Hotel review: Swissotel Nankai, Osaka


Like many cities around the world, Osaka has a distinct north/south divide and Minami (south) is a neon-soaked metropolis with rivers of commuters, shoppers and travellers flowing through the narrow lanes and boulevards. You can stroll the canalside bars of the Dotonbori area, also known as Namba after  its main train station, and copy the pose of the famous Glico running man (a building-high neon sign); discover the freshest sushi you may ever have had at the Kuromon Ichiba market, known as "Osaka's kitchen"; or join the consumer frenzy at Ebisubashi-suji (Shopping Street) that has been a retail hub for more than four centuries. Located right above Namba station, the Swissotel Nankai is somewhere you could stay for a month, exploring only by foot and still just scratching the surface of this wonderfully chaotic city centre – and trains put Kyoto and Kobe within easy reach.


When you are surrounded by so much consumer clamour and nocturnal ado, it's nice to have some old-school grandeur to fall back on and the atrium lobby at the Swissotel Nankai – with its grand pillars, multi-storey chandelier and gold trim – sets the scene. Around the lobby are floors of watch shops, fine diners and lounges to chill in before heading back out to the fray.

It's a mammoth property with 546 rooms, 42 executive floor rooms and an executive lounge, and the building towers above Minami – Osaka's party spot – like the Chateau Marmont in LA surveys the sin and spending of Sunset Boulevard.


My deluxe suite king has enough room to swing a sumo and is huge by any standard, let alone in Japan where hotel rooms can be a bit snug. There is an entrance way into the living room, where a Bond-villain chair sits by a window (BYO white cat) with an incredible view of Osaka, a hive of activity fenced in by mountains. Through to the bedroom and there is a cosy king and another super-villain seat to enjoy the sights – small hatches under the window also open for fresh air, a hotel rarity. The bathroom is stocked with L'Occitane products, and has a bathtub, shower and one of Japan's famous  high-tech toilets including warming seat. The feel is retro with knick-knacks that give it a homey vibe and the Swissotel's complimentary Handy smartphone comes packed with local info so you can plan your domination of downtown Osaka as you gaze out the window.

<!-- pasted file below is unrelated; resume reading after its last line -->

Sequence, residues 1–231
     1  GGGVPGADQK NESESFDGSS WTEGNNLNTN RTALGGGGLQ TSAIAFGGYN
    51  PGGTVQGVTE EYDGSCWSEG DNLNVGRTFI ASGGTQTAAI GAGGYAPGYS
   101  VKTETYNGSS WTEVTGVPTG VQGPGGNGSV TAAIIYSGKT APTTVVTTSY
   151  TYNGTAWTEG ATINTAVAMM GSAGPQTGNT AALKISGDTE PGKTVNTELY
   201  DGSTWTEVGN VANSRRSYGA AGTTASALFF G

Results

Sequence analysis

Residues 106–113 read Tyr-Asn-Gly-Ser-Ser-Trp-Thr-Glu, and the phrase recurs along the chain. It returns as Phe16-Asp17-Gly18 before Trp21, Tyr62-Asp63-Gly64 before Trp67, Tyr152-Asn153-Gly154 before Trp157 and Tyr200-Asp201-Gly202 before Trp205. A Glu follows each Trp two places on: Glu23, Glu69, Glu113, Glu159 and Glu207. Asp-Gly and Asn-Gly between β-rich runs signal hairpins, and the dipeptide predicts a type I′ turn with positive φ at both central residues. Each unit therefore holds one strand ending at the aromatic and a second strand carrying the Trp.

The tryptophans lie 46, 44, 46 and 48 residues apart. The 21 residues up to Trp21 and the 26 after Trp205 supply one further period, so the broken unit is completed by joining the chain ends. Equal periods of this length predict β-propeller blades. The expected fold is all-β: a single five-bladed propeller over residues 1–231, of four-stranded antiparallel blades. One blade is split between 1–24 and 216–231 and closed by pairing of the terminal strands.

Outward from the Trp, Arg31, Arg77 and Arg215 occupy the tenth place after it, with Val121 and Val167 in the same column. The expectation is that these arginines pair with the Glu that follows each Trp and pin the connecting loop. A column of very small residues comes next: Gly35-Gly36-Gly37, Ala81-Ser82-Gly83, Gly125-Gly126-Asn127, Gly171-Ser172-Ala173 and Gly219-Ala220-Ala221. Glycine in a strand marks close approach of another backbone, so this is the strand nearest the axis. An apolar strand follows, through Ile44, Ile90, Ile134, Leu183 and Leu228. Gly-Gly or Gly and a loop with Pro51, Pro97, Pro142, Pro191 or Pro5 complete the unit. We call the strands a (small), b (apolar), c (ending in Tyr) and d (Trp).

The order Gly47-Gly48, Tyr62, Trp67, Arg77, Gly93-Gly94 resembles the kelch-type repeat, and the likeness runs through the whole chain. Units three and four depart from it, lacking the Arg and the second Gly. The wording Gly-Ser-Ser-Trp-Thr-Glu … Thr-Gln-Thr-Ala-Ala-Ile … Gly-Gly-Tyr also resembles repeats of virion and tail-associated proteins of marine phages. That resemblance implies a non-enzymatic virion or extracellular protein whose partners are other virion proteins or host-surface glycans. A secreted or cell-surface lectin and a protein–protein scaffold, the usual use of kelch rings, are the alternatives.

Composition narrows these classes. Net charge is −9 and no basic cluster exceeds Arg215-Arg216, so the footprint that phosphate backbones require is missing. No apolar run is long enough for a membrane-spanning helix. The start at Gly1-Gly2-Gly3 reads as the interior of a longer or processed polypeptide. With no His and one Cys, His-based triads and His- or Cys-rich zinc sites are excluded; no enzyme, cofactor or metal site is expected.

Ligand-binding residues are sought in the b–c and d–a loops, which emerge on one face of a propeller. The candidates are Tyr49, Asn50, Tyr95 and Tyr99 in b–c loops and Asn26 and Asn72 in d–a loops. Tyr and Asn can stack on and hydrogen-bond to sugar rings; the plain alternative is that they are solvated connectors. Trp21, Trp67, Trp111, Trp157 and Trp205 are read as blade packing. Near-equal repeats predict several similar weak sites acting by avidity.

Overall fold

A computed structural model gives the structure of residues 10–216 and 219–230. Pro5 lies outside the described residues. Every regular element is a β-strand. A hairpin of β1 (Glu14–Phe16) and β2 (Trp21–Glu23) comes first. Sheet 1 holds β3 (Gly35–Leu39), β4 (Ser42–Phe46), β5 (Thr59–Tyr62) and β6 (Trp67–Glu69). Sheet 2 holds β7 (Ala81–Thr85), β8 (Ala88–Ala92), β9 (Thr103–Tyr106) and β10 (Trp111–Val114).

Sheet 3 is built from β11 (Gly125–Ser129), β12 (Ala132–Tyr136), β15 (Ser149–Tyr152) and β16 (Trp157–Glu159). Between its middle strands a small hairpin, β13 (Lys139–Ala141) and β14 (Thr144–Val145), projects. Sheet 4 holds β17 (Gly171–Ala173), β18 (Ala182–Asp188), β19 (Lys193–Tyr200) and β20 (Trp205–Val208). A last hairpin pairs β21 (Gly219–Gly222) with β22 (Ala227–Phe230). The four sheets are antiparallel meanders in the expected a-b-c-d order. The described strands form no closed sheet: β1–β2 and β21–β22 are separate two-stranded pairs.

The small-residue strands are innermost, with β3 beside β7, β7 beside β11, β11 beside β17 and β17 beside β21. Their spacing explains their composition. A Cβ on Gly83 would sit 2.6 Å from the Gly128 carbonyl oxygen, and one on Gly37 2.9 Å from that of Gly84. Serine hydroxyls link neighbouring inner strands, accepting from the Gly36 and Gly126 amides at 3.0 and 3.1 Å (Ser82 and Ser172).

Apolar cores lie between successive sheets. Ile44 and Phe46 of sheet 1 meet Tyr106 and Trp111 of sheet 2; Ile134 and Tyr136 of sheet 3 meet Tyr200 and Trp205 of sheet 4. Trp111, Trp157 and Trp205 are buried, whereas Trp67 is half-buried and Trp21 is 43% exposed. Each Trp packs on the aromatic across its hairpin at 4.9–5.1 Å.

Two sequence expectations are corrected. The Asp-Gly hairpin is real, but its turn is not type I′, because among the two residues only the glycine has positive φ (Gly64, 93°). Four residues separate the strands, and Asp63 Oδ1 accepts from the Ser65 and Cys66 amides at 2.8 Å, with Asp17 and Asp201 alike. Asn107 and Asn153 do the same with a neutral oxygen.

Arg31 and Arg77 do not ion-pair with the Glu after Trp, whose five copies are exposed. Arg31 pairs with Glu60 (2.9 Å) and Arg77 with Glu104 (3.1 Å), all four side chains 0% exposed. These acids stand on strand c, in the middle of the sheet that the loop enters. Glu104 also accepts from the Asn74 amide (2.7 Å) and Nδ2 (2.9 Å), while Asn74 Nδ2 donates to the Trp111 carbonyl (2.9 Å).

There are seven dining options throughout the hotel, from the lobby-level Swiss Gourmet offering coffee and cakes to the 36th floor where Tavola36 offers Italian dining. Local restaurant standouts: Hana-Goyomi Japanese Restaurant has some of the best sushi you will ever taste, and this is the same trip that I sat next to the head of a freshly caught tuna in Kuromon Ichiba market eating sashimi. In Hana-Goyomi you get the same freshness but with artistry added to the plate. SH'UN Wine and Dine specialises in kushiage, a Japanese speciality where everything comes deep-fried on a skewer – it's delicious, fun and not as heavy as it sounds.



… is all you need to do. The moment you set foot outside the Swissotel Nankai you are in the thick of it. Ebisubashi-suji (Shopping Street) is an obvious start with everything from T-shirts to robots selling freshly baked tsukigesho – bean paste covered in flaky pastry, a local delicacy. The pick of the canalside bars is Miyagawa where you can have a sho-chu highball with the best view of the Osaka Running Man; then go up seven floors nearby to Bar Zumi with lots of neon, a young crowd and corner booth with a DJ. Foodies have to try the ramen at Makotoya, a local haunt where the No.1 – beef bone soup ramen topped with a boiled egg – is the dish of choice.


Sitting calmly in the eye of the storm, the Swissotel Nankai is the perfect spot for exploring Osaka's southern city hub, if you can tear yourself away from the in-house dining and your Bond-villain lair.


Classic queen rooms from ¥76,200, and the deluxe suite king from ¥63,900; 5-1-60 Namba Chuo-ku, Osaka; or book via


The view over Osaka, taking in the Dotonbori canal and surrounds.


The bath and shower are showing their age a bit (next to the high-tech loo!)

Paul Chai was a guest of Travel Associates and Accor Hotels.